“The feeling has definitely been obvious. Some enterprises, due to concerns about potential US sanctions, will likely be considering packing up and leaving, albeit unwillingly,” he told Bloomberg in an August interview to discuss the project’s progress and challenges.
A recent poll by the American Chamber of Commerce in Shanghai found that US companies in China are feeling the gloomiest in decades about doing business in the country, with nearly a fifth of respondents considering moving some of their operations elsewhere over the next few years. While officials are moving closer to arranging a meeting between President Joe Biden and Xi next month to stabilize ties, sources say nothing is yet decided as the two nations continue to trade jabs over issues such as export controls and Taiwan.
Signaling a lack of investor confidence in the future of the country’s tech industry, a gauge tracking the top 50 companies listed on Shanghai’s Nasdaq-style stock exchange — a crucial part of Xi’s strategy to drive indigenous innovation and attract private capital to the technology sector — is hovering around record lows.
Competing, Not Cooperating
Another key part of the Yangtze Delta project is more abstract but possibly more consequential: improving cooperation and integration among the region’s provinces: Jiangsu, Zhejiang and Anhui, as well as Shanghai. The provinces have been locked in fierce competition for years, seeking to outdo each other in gross domestic product by promoting businesses within their boundaries. This, officials and economists say, has led to inefficient spending and is partly to blame for the repeated boom-and-bust cycles in industries like solar panel manufacturing.
Unveiled by Xi in 2018, the plan aims to integrate the economic development of the provinces, which together account for a quarter of China’s $16 trillion economy. The government hopes that more efficient investment and free trade among the jurisdictions will bolster the area’s economy. It also wants provinces to stop favoring local suppliers in government procurement and projects, and instead choose what’s best for the broader bloc. In the long run, Xi wants to replicate such integration in other parts of the country.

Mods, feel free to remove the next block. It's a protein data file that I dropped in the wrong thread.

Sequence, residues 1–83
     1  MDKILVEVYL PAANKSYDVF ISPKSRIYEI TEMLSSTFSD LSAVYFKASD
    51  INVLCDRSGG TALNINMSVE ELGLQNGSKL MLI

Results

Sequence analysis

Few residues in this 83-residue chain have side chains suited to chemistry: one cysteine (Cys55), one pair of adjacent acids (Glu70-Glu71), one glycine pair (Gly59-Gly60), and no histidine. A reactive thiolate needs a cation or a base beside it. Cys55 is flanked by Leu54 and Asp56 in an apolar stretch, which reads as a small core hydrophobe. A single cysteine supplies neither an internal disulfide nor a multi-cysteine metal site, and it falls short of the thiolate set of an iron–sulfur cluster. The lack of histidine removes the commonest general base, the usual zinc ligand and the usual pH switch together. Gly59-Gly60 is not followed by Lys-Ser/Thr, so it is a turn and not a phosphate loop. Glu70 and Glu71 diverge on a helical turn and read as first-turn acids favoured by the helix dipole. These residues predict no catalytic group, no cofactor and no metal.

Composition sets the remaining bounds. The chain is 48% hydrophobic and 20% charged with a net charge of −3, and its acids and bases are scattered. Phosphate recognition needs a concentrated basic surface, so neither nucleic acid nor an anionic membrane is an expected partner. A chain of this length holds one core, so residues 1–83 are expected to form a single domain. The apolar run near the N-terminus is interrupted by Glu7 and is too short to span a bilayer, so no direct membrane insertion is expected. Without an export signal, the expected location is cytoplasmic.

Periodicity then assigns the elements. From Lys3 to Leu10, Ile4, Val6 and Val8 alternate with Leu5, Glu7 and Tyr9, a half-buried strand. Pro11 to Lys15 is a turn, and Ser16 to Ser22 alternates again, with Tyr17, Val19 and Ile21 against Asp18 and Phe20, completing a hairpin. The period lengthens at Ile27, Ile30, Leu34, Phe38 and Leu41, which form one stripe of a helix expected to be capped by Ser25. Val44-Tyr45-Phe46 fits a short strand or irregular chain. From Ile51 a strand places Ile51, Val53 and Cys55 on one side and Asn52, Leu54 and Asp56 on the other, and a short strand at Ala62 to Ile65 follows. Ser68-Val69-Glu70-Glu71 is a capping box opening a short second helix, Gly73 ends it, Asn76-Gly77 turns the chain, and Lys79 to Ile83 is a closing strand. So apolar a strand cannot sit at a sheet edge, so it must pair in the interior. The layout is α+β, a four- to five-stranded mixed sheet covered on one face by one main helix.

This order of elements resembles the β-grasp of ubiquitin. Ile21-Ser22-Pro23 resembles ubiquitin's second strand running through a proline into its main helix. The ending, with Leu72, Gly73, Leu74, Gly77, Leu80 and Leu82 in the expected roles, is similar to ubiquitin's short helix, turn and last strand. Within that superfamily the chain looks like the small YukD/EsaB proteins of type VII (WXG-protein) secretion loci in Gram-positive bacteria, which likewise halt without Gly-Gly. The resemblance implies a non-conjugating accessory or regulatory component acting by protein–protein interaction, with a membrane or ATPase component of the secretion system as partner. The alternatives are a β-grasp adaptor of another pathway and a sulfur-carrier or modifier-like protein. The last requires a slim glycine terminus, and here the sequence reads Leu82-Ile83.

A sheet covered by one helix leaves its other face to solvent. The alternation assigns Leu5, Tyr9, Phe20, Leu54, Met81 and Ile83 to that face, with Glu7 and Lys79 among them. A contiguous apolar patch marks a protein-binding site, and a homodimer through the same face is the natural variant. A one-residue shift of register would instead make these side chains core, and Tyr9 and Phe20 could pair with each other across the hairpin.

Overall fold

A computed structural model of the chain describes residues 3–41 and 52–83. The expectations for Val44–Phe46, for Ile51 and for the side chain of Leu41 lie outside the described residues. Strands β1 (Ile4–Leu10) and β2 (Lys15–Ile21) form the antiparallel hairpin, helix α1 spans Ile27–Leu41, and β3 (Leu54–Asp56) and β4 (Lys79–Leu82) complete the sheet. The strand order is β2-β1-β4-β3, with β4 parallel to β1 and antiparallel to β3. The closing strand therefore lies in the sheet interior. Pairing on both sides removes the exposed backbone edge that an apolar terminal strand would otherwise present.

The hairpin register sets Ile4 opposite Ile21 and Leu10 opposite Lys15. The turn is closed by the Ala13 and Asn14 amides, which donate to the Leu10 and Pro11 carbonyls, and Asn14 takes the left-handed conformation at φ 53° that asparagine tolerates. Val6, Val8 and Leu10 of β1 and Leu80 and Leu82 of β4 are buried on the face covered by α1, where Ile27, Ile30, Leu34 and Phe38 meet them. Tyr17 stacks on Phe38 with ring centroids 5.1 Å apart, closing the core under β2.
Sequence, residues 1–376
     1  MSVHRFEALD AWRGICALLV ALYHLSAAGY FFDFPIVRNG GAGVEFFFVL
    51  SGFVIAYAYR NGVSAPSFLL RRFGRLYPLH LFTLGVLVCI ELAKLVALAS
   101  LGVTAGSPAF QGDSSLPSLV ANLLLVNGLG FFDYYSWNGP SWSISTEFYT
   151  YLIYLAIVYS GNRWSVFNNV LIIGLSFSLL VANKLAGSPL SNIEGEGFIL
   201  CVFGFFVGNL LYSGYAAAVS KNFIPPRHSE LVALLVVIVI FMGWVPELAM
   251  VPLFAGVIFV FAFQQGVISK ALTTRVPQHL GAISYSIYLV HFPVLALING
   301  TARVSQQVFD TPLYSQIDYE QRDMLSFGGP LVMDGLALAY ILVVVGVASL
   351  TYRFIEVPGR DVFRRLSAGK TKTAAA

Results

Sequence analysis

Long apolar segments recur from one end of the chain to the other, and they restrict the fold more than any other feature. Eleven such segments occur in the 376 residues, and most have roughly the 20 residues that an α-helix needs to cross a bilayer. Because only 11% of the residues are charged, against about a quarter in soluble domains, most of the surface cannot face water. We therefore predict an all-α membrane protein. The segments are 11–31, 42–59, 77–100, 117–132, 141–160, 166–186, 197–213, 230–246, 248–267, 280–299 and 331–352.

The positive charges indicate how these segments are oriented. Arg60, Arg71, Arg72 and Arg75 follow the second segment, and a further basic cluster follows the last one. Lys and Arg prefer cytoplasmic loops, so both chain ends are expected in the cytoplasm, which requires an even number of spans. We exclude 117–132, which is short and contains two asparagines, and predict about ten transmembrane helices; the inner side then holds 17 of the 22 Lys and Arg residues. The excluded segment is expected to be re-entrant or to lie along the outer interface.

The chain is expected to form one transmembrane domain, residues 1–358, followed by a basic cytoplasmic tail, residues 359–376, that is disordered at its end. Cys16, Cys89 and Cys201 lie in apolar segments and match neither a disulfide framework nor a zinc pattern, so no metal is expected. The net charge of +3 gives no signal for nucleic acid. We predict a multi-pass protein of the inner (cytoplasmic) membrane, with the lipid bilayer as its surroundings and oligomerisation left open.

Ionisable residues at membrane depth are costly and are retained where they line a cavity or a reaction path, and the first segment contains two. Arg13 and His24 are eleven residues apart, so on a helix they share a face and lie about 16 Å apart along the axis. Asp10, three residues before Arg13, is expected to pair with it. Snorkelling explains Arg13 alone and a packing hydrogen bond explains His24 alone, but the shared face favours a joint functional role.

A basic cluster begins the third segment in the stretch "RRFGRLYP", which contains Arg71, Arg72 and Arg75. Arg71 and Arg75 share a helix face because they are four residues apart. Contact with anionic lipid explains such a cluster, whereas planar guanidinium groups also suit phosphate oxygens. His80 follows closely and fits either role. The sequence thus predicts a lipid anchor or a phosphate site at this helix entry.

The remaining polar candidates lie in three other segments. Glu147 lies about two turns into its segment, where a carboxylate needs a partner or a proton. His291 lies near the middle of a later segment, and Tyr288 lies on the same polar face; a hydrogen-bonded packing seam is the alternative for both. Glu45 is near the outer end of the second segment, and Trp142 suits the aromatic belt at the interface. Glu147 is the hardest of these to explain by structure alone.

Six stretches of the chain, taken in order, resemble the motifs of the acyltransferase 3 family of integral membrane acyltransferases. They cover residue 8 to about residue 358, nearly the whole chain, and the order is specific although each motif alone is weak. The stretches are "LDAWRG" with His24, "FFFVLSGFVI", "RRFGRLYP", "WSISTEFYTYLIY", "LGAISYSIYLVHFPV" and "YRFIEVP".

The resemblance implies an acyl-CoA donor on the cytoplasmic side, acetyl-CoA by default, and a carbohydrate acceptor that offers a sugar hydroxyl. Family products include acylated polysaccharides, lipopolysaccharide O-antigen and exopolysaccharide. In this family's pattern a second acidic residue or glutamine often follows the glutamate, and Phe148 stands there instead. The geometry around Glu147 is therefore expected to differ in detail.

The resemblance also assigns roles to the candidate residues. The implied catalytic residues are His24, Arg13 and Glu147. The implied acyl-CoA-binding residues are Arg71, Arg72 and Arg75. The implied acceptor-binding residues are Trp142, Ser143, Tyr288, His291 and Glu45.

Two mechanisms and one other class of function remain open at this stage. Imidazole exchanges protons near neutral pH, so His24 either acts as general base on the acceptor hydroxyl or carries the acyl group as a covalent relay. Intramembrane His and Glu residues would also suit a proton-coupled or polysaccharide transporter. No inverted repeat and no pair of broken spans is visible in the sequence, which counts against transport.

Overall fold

However, local governments aren’t in a collaborative mindset, with falling land sales and business activity dealing a blow to their finances. Instead of boosting coordination, many have tried harder to lure businesses from neighboring provinces with sweeteners such as tax rebates and cheap real estate, according to official research reports and state media.
The Economic Daily, overseen by China’s cabinet, ran a front-page report in August warning bureaucrats against pursuing the kind of “vanity projects” that previously saddled local economies with heavy debt. The report noted industrial parks being built by authorities trying to lure emerging industries and projects.
Local governments are trying to take the lead in the semiconductor sector in particular, according to a recent research report by the Center for Yangtze River Delta and Economic Belt Research, an official think tank under the Shanghai Academy of Social Sciences.